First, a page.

Luxury brands go all in on TikTok
This story first appeared on Glossy, Digiday’s sister publication covering fashion and beauty.
Historically luxury companies have been slower to adopt new trends, but they are increasingly game to bet on TikTok.
Dating back to late 2018, fashion brands started to add the platform to their social marketing mix, such as Calvin Klein and Ralph Lauren. Moving into 2020, a wave of brands are jumping onto TikTok like Prada, Alice + Olivia, Dolce & Gabbana, Tory Burch, Burberry and Missoni.
“Luxury brands used to sit back and watch everyone else jump on a trend, then would have to play catch up,” said Kristin Maverick, vp of social and influencer marketing at advertising agency 360i. “We are in a different time where smart marketers don’t want to be the last to move. These brands have seen the success from other platforms and know there is less risk after [being on] Snapchat, Twitter, Instagram and Facebook.”
An easy and transitional step for some companies has been working with influencers and content creators native to TikTok. During Milan Fashion Week, 15-year-old influencer Charli D’Amelio showed up at Prada’s show to capture content for her followers. She posted seven videos wearing Prada and tagged the brand in five of those posts. One video showcased D’Amelio with three models on the runway, while dancing to Avril Lavigne. Her best performing post for Prada totaled 5.7 million likes, 64,300 shares and 36.8 million views.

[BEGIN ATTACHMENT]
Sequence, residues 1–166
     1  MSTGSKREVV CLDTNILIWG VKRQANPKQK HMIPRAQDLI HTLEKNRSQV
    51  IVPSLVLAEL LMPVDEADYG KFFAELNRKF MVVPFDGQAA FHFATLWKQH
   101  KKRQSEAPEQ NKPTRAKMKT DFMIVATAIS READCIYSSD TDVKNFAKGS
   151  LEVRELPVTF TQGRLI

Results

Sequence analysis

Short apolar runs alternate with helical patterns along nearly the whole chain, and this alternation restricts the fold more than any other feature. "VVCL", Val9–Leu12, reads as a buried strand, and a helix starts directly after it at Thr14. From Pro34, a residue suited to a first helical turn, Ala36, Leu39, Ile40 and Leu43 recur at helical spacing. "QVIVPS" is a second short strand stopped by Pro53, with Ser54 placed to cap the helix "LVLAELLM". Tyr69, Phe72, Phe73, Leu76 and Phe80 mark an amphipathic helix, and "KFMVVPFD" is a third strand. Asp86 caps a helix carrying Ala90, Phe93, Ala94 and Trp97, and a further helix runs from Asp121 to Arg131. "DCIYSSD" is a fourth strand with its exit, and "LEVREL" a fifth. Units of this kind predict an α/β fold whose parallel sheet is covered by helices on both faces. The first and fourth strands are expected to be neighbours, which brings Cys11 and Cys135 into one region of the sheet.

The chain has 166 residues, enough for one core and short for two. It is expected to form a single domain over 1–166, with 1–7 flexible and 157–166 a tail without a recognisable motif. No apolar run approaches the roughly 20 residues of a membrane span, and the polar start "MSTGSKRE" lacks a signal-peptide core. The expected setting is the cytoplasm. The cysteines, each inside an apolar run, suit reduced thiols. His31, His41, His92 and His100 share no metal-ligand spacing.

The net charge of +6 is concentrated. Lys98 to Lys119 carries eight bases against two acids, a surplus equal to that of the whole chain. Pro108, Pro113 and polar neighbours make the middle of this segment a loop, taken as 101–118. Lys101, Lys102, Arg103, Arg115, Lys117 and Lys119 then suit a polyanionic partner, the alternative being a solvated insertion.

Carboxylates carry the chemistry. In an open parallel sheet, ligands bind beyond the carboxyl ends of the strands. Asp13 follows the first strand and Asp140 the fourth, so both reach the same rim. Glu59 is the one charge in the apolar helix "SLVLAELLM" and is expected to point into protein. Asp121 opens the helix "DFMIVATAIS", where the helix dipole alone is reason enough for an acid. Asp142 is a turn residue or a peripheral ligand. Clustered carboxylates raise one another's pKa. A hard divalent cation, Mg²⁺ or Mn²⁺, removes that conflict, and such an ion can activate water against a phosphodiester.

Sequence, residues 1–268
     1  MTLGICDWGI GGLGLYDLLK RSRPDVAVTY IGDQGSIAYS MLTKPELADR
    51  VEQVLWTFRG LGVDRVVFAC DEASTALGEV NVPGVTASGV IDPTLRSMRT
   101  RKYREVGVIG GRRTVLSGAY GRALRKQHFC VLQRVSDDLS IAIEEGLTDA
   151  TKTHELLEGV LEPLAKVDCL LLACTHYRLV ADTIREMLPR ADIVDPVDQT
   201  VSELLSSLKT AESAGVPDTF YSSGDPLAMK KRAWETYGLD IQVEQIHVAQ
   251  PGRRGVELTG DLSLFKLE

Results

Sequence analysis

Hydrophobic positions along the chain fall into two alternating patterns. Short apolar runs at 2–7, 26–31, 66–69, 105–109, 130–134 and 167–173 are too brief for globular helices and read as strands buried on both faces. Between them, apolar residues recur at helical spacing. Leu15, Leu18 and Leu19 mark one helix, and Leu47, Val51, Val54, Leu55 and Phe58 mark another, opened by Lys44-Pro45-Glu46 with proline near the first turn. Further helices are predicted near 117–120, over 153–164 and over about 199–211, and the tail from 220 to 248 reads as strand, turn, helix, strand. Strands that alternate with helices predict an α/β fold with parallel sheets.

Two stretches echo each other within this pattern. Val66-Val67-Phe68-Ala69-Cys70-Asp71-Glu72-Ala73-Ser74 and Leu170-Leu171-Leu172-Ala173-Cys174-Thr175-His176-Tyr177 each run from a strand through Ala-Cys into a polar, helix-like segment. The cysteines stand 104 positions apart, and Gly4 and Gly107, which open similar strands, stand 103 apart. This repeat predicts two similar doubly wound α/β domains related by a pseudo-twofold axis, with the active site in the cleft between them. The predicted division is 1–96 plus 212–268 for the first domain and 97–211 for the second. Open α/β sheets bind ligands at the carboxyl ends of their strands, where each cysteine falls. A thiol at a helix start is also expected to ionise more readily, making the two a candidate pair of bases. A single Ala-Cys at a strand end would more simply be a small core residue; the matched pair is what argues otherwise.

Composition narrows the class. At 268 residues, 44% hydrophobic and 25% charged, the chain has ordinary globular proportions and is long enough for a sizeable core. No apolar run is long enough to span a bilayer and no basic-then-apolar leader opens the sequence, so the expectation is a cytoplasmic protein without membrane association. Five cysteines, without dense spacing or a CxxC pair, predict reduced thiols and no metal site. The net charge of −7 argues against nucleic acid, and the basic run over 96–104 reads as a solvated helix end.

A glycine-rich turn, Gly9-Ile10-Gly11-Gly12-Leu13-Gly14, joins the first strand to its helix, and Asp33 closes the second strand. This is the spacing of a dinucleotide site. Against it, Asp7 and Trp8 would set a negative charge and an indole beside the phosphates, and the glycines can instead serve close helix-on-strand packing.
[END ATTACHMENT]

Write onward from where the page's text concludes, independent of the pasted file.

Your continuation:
“Every photoshoot, every Instagram post is so curated; these companies are so particular about where their fashion show is to the staging of it. [Charli] has 28 million followers and they are letting her do her thing, that is pretty bold and big,” said Mae Karwowski, CEO and founder of influencer marketing firm Obviously.
Prada does have a TikTok account set up, with 100,000 followers so far, but hasn’t posted on its own page yet. Rather, the company relied on D’Amelio to create buzz for them. Maverick said it’s a smart strategy on Prada’s part by putting the onus on creators before jumping fully into TikTok content creation.
“You can test without assigning resources within your own team. It’s easier to do something all in [later] when you have an example of out in the wild and positive commentary around it,” Maverick said.
Other brands, like Alice + Olivia, are being a bit more active on the platform. The fashion brand has 12,800 followers since ramping up posting since New York Fashion Week. So far, it has posted nine videos since Feb. 10. Alice + Olivia also tapped big TikTok influencers to drive awareness for the company. Addison Rae (19.2 million followers), Cosette Rinab (1.6 million followers) and Dana Hasson (331,700 followers) all worked with the brand around NYFW, appearing both on Alice + Olivia’s TikTok feed, as well as posting about the company in their own channels.
It’s still unclear how much these influencers are getting paid by brands, but as more luxury companies start working with these creators, the price tag for posts will go up.
“Luxury brands tend to pay more in product and access than payments, but now so many of these TikTokers are signed to major agencies it is realistic to assume there is payment happening there,” said Karwowski. “You have these high-powered agents working with the creators and they can’t get paid a percentage of a handbag.”
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